If you prefer biographies, try Nelson Mandela’s autobiography Long Walk to Freedom (1994). It is an eloquent and personal evocation of the long decades of apartheid in South Africa, essential for any visitor or businessperson to understand before going there. It is also, of course, an example of courage and endurance in pursuit of a dream, a story to humble all lesser mortals. It is also an example of how one deeply caring person can influence enough people to change an entire nation.
A biography of another sort, of a city, Antony Beevor’s wonderful Stalingrad: The Fateful Siege, 1942–1943 (1998) tells the story of that city’s fight for survival against the Nazi armies in the Second World War, of the staggering loss of life among the Russians, and of their amazing fortitude. It is an engrossing read, one that helps to explain why Russia, having lost 20 million people overall in that war, will never want another one and has always overspent its resources to arm itself, surely not for attack but for defense. The book also stands as a case study of a strategy gone awry. It went wrong on the German side because they forgot that wars, whether of nations or of organizations, are ultimately fought by humans rather than machines, and humans, uncared for, die or give up.
Science or Science Fiction
Science or science fiction can help executives gain entry to a world that might be, if we don’t shape it ourselves. Kurt Vonnegut, Jr.’s Player Piano (1952), published almost 50 years ago, is still a spine-chilling forecast of a world where top scientists and technocrats run society, while those with redundant or nonexistent skills are forced into the Reconstruction and Reclamation Corps. Underneath the surface, however, revolution seethes. Proclaimed an instant classic of satirical, prophetic science fiction when it first appeared, Player Piano still rings uncomfortably true today.
Science has always been a missing part of my educational jigsaw puzzle. Luckily there are now some gifted writers, often journalists, who can help to fill that gap. The most fluent of them, perhaps, is Richard Dawkins. His book The Blind Watchmaker: Why the Evidence of Evolution Reveals a Universe without Design (1986) is a compelling description of a revolutionary theory. By the middle of it you begin to wonder why you bother getting up in the morning if everything is so preordered by our genetic inheritance. But Dawkins is at pains to emphasize that we are still masters of our actions, even if we are not masters of our inheritance. Knowing which is which becomes the real issue, and understanding of evolutionary theory is key.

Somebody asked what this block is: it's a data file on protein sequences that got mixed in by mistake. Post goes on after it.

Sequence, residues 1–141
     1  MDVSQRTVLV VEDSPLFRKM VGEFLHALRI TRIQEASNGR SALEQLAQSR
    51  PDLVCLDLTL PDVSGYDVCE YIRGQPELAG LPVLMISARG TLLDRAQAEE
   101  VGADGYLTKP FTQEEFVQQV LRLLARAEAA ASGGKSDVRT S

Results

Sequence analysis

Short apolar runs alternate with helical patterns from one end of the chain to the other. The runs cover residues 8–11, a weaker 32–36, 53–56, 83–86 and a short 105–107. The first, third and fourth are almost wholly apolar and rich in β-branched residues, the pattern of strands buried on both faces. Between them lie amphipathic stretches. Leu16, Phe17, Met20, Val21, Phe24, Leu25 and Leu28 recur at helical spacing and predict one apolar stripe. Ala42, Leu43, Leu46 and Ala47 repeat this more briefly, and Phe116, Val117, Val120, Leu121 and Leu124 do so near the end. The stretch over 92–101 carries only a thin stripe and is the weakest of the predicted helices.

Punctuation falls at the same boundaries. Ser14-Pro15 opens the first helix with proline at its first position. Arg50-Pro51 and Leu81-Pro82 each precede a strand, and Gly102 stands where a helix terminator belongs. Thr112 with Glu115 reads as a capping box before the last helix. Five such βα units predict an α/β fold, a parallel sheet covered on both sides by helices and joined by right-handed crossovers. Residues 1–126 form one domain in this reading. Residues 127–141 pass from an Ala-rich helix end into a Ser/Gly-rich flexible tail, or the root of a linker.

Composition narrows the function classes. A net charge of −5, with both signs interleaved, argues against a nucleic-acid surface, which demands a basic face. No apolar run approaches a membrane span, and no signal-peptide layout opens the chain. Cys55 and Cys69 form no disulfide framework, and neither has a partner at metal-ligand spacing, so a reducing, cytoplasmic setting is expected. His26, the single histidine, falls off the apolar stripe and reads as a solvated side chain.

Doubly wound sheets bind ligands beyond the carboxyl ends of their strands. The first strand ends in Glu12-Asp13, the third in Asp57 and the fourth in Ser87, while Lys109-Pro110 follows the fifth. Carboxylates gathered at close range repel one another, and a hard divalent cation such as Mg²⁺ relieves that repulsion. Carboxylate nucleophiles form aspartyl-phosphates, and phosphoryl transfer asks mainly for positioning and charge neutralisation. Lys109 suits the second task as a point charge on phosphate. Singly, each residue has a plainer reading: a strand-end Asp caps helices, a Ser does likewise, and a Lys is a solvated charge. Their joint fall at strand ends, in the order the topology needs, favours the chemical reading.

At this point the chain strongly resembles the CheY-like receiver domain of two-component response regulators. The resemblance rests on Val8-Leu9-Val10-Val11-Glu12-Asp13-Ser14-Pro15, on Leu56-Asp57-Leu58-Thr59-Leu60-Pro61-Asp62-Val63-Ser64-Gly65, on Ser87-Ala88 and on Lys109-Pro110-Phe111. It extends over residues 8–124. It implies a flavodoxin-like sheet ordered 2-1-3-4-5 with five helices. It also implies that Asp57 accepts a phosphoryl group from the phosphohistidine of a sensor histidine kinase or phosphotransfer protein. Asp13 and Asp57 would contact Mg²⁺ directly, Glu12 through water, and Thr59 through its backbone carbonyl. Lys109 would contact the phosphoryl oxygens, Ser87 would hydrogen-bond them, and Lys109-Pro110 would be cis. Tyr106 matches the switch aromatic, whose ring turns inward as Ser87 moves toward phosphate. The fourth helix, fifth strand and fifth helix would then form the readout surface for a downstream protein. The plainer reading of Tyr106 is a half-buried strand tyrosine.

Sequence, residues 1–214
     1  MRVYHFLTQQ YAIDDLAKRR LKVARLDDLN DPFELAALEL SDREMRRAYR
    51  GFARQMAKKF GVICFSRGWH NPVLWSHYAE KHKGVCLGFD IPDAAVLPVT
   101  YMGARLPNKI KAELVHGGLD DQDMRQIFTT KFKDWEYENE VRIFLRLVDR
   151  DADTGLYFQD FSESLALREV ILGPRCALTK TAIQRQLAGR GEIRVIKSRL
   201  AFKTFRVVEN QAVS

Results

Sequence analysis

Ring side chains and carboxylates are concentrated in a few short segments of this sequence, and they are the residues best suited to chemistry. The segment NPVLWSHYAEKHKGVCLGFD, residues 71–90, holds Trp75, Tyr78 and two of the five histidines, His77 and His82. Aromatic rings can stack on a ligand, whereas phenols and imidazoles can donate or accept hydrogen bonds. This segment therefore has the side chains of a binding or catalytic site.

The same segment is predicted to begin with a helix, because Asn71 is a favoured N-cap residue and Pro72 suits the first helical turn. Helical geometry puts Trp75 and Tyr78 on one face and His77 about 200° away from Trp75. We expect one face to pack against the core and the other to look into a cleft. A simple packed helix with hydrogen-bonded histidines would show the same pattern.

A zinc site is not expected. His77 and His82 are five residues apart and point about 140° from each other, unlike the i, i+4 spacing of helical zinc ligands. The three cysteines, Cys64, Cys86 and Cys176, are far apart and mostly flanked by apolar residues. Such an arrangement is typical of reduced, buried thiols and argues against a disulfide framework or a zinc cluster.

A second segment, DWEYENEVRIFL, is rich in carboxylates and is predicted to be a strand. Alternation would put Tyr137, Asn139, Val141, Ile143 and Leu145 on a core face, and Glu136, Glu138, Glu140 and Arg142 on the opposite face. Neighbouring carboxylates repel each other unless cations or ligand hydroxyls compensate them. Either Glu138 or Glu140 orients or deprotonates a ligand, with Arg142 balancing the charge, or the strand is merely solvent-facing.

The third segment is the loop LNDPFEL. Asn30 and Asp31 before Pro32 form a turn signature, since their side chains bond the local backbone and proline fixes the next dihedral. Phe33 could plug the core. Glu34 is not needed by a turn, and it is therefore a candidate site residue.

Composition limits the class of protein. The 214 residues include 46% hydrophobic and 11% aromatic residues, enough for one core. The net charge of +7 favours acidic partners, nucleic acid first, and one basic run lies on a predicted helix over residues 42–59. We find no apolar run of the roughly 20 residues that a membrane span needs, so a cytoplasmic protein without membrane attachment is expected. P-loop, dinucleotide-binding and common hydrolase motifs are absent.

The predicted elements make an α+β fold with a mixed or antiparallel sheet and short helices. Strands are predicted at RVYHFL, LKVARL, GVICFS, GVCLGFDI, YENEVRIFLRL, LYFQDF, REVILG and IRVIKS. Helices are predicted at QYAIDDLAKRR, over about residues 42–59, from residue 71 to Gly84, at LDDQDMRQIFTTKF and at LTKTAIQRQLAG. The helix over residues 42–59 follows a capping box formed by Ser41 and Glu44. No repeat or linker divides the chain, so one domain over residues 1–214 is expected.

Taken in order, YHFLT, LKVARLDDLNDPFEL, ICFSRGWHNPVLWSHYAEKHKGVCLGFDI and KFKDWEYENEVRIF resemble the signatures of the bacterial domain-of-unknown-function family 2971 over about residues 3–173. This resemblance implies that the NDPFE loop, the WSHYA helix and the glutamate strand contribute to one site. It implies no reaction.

Evolution is an old science, albeit still developing. Complexity theory, with its mix of physics, mathematics, economics, and, inevitably, computers, is a new and exciting area of science, and one that is increasingly relevant for people in business. I am hard put to understand complexity theory, but M. Mitchell Waldrop’s Complexity: The Emerging Science at the Edge of Order and Chaos (1992) does an excellent job of explaining it, largely via stories of the people from the Santa Fe Institute. By so doing he gives this science a human touch, and also shows how the intellectual ideas of a few individuals can change the world. Ideas, we need to remember, last longer and can be more powerful than any regime or organization.
The Political Philosophers
Back in the world of human interactions, of political and economic ideas and ideologies, we often need to jerk ourselves out of our familiar ruts in order to see the world as some others see it, or have seen it. It is eye-opening to read Karl Marx’s first attempt to describe the reasons for Communism in The Communist Manifesto (1848), written in collaboration with his businessman friend Friedrich Engels. This 38-page pamphlet glows with indignation and helps one to understand some of the passions that the socialist creed can unloose. It is arguably the most influential political call to arms ever written, and the world has been shaken repeatedly by those who sought to make its declamations a reality. Too many of Communism’s enemies never read it, so never understood it.